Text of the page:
Tuesday, November 20, 2012
Roubini: Worst to Come for Economy, Markets in 2013Tuesday, 20 Nov 2012 10:26 AM
By Forrest Jones
The worst is yet to come for markets and the global economy in 2013, according to New York University economist Nouriel Roubini.
Major economies are either in a recession or experiencing slow growth rates, while in the United States, uncertainty surrounding the fiscal cliff — a combination of tax hikes and spending cuts due to strike next year — will roil markets as well.
Big emerging markets like China are cooling their growth rates, while in a slew of countries, national and regional elections are set to take place in the near future, including in China, Korea, Japan, Israel, Germany, Italy and Catalonia, the latter being a pivotal Spanish province whose financing needs affects Spain and the broader eurozone.U.S. stock prices, however, are high thanks to recent rallies stemming from Federal Reserve stimulus measures such as rate cuts or asset purchases, but with fundamentals eroding, stocks could plummet next year.
“[V]aluations in stock markets are stretched: price-earnings ratios are now high, while growth in earnings per share is slackening, and will be subject to further negative surprises as growth and inflation remain low. With uncertainty, volatility and tail risks on the rise again, the correction could accelerate quickly,” Roubini wrote in a Project Syndicate column.
Meanwhile, war could erupt in the Middle East amid rising tensions between Israel and Iran, which could further disrupt economic recovery and global financial markets next year.
In short, 2013 is shaping up to be a very volatile year.
”As consumers, firms and investors become more cautious and risk-averse, the equity-market rally of the second half of 2012 has crested,” Roubini wrote in the column.
“And, given the seriousness of the downside risks to growth in advanced and emerging economies alike, the correction could be a bellwether of worse to come for the global economy and financial markets in 2013.”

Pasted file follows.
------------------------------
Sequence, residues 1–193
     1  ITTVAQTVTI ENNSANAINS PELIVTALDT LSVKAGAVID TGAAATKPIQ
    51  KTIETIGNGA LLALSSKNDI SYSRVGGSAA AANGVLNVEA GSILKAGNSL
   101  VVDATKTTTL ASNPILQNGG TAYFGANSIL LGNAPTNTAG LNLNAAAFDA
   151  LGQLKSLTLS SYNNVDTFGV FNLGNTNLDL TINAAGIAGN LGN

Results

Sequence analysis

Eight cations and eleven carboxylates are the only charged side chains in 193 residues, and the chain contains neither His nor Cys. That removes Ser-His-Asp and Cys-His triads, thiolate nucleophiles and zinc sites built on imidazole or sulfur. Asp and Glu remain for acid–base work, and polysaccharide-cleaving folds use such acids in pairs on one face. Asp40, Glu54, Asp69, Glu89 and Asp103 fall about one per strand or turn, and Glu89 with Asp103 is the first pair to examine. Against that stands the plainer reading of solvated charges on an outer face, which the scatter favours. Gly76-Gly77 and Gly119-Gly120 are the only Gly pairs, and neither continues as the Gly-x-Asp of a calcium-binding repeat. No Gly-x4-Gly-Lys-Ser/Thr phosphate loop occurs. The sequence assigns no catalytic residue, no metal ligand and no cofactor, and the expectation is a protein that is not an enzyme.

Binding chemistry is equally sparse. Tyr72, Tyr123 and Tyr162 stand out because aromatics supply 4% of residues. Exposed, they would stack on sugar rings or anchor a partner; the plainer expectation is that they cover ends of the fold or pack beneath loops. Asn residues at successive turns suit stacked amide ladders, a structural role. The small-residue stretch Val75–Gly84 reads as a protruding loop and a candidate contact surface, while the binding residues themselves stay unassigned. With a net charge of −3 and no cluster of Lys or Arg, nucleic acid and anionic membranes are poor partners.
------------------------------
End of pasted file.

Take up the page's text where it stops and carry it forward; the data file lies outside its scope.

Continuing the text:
Moody’s, meanwhile, stripped France of its triple-A credit rating, downgrading the country a notch to Aa1 from Aaa and left a negative outlook, meaning more downgrades are possible.
“France’s long-term economic growth outlook is negatively affected by multiple structural challenges, including its gradual, sustained loss of competitiveness and the long-standing rigidities of its labor, goods and service markets,” the ratings agency said in a release.
“France’s fiscal outlook is uncertain as a result of its deteriorating economic prospects, both in the short term due to subdued domestic and external demand, and in the longer term due to the structural rigidities noted above.”
The country is also less cushioned from external shocks than in the past, Moody’s added.
Morgan Stanley economists, meanwhile, have said the global economy faces a “full-blown recession next year,” with global gross domestic product due to contract 2 percent next year under a worst-case scenario if U.S. policymakers fail to prevent the economy from going over the fiscal cliff and if their European counterparts fail to fight the debt crisis across the Atlantic.
“More than ever, the economic outlook hinges upon the actions taken or not taken by governments and central banks,” Morgan Stanley said in a report, according to CNBC.
Investors, meanwhile, need to stay on their toes.
“Importantly, investors should keep an open mind and be prepared to switch between the scenarios as policy developments unfold,” Morgan Stanley economists concluded.